For many students who live in South Brookline, getting home after school is no small task. Those living four or more miles from the school must take the Massachusetts Bay Transportation Authority (MBTA) supplemental 51 bus. This bus is on a special route that picks up high school students on the campus after school.
According to students, the bus is problematic due to its tardiness and inconsistency in arrivals. However, administrators said that they can’t do much about it because the bus is operated and run by the MBTA.
According to Assistant Headmaster Hal Mason, the high school enlists the MBTA bus to pick up kids that live in areas less accessible by public transportation.
“The bus is essentially a courtesy bus that’s been set up by agreement with the MBTA. They agreed to send it since we have so many kids that live in an area that’s the hardest area to get to on public transportation,” Mason said.
According to junior Bridget McMahon, who rides the bus every day, the 51 bus waits only a few moments for students to board before departing shortly after school ends.
“Sometimes it arrives late. Sometimes it arrives early. It never waits. If you’re not there within the first maybe five minutes, the bus will leave,” McMahon said. “Sometimes the bus doesn’t come at all.”
Mary Murphy, Transportation Coordinator for the Public Schools of Brookline, said that the MBTA is responsible for scheduling and planning the supplemental 51 bus arrival time and route. Both Murphy and Mason said that when the bus encounters delays, they do their best to resolve the issue by contacting the MBTA.
“I’ve heard reports that there have been some days when the bus does not show, and generally we report that to the MBTA and try to find out what’s going on and it’s not always easy to get all the answers we need,” Mason said. “But most of the time the bus runs, and most of the time the bus is on time.”
According to Murphy, some of the bus’s problems are timeliness, communication with the high school administrators and with the MBTA adjusting to the high school’s schedule.
Murphy said that the bus leaves early only when it reaches maximum rider capacity.
“The bus only stays as long as it fills to capacity, and once it fills to capacity, at the discretion of the driver, they can leave because they take no more passengers,” Murphy said.
Mason said that he thinks running a second bus would be impossible because the current bus is run at an off-peak time, but a later bus would run during peak hours and encounter traffic obstacles.
“At the time they run the bus, it’s not a heavy demand time for buses, but by the time the late bus comes, there’s so much traffic it would be hard to make the late bus run consistently. I don’t think they’d have enough people to justify running a second bus,” Mason said.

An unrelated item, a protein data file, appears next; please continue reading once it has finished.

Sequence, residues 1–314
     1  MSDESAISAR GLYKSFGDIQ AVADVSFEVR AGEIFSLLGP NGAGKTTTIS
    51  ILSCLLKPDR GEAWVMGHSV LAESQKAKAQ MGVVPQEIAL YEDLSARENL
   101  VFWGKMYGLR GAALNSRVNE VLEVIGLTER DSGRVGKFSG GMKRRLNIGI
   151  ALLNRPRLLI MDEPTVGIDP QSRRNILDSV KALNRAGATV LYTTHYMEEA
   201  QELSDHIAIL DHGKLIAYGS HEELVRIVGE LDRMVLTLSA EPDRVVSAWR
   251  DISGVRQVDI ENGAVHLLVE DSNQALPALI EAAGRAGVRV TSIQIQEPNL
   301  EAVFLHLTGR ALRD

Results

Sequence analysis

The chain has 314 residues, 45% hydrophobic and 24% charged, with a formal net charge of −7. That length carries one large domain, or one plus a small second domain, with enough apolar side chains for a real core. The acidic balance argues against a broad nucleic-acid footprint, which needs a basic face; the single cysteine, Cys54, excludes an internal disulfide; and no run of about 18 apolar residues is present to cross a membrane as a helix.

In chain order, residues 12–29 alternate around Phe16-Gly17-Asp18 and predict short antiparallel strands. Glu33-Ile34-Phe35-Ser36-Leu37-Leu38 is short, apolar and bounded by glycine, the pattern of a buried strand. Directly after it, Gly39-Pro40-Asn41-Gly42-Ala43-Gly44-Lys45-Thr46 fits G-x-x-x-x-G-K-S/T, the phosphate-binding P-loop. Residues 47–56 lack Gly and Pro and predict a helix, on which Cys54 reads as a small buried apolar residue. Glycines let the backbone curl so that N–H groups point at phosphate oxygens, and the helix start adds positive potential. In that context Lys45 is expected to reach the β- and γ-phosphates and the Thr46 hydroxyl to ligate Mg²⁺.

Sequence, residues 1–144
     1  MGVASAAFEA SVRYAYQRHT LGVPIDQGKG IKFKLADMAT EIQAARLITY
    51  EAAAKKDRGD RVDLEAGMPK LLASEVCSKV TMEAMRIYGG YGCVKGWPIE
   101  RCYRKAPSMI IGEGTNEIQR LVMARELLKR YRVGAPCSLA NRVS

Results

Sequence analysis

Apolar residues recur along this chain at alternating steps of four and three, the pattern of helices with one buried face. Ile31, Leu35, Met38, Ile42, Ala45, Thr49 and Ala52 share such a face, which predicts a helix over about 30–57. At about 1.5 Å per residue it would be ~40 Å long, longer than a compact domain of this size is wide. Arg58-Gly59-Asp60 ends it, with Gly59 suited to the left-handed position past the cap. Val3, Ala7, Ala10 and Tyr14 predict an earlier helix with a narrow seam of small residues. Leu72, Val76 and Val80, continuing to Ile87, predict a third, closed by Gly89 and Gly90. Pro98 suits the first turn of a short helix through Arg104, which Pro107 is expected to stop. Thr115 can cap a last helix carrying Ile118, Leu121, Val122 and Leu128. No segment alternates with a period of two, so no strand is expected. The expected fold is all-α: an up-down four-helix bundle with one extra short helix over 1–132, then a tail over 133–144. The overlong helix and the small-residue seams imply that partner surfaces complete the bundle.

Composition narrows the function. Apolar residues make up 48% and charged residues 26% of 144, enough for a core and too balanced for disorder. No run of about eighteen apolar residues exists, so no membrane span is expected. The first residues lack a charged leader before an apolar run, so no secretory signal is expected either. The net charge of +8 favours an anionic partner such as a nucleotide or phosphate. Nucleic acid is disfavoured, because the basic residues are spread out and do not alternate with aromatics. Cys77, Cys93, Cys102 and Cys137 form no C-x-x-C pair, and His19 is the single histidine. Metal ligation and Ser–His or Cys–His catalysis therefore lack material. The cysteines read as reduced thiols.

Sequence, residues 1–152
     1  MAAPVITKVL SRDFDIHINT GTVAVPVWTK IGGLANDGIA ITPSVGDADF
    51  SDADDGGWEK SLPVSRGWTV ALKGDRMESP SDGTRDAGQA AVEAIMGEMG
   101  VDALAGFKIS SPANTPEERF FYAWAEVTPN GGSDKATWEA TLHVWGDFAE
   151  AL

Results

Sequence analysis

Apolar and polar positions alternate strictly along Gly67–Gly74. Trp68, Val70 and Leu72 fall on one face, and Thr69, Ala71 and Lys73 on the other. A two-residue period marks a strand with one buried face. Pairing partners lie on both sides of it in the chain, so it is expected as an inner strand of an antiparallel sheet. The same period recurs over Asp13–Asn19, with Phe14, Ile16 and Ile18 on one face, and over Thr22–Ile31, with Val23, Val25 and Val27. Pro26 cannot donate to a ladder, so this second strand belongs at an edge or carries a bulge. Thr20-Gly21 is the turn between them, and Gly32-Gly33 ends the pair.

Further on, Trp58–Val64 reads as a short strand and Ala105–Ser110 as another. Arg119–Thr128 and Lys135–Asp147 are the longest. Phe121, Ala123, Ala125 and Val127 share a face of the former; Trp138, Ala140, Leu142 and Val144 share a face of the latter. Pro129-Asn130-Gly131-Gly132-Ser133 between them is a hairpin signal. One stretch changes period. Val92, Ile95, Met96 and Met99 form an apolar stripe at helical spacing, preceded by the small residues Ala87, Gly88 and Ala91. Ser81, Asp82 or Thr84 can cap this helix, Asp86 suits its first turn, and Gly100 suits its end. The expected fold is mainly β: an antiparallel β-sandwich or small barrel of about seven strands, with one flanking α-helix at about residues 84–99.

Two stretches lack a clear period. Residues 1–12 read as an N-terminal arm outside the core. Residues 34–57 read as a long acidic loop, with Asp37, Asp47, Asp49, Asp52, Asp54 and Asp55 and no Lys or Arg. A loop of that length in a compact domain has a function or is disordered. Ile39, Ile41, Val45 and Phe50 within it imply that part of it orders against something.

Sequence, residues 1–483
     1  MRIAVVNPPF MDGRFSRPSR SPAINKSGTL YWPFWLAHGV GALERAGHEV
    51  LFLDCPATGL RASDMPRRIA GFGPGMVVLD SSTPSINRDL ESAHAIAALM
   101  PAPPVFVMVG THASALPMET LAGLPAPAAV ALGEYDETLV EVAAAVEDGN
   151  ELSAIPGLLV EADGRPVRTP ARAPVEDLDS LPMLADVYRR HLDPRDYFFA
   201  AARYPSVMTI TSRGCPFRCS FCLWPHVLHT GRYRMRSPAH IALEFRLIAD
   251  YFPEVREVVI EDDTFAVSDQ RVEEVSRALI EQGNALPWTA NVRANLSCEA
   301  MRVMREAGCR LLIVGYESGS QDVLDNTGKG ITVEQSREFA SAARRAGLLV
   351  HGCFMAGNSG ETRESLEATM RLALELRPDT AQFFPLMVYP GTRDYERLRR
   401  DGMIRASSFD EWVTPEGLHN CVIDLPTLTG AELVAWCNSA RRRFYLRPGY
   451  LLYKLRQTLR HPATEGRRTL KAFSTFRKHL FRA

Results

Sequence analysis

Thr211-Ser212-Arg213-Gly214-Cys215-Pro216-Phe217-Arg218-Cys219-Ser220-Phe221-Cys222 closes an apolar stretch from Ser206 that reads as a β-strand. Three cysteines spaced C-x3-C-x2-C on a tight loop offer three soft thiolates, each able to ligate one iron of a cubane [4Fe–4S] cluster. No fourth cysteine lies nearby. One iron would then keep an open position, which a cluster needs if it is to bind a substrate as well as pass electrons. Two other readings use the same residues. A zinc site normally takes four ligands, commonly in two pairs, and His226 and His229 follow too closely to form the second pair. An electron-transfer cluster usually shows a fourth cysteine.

According to Jason B. Johnson from the Massachusetts Department of Transportation, the bus is funded by other sources rather than by the town of Brookline and that during pickup at the high school, students seeking a ride do not have to pay.
“The route 51 trip is operated by the MBTA and uses a variety of funding sources such as fare revenues and sales tax from municipal assessments. There are no direct payments that are received from Brookline or Brookline High School for specific trips,” Johnson said in a phone interview.
Murphy also said that it would be fiscally irresponsible for the MBTA to run another bus and advised students who stay late or miss the bus to travel independently to Reservoir.
“It’s a budget issue for the MBTA, which is running on a tremendous deficit,” Murphy said. “We remind that all students are still expected to pay to take the supplemental bus, and then once they miss the bus, there is a way that they can be an independent traveler by taking the D line to Reservoir and walking upstairs and taking the 51 back.”
According to Johnson, outside factors can affect MBTA service, but he continues to keep in touch with the school to best minimize the times that the bus is tardy.
“As with any service, factors such as traffic, weather and vehicle availability can have an impact on service reliability, and the MBTA has been in touch with school officials to specifically discuss certain liability concerns and school related afternoon traffic,” Johnson said.
Murphy said that she appreciated students’ patience regarding the problems with the 51 bus and that problems that arise are continuing to be dealt with.
“We are committed to continue to collaborate with the MBTA for the best interest of our students,” she said. “But we are quite limited and we don’t control the bidding or the supervision of the drivers.”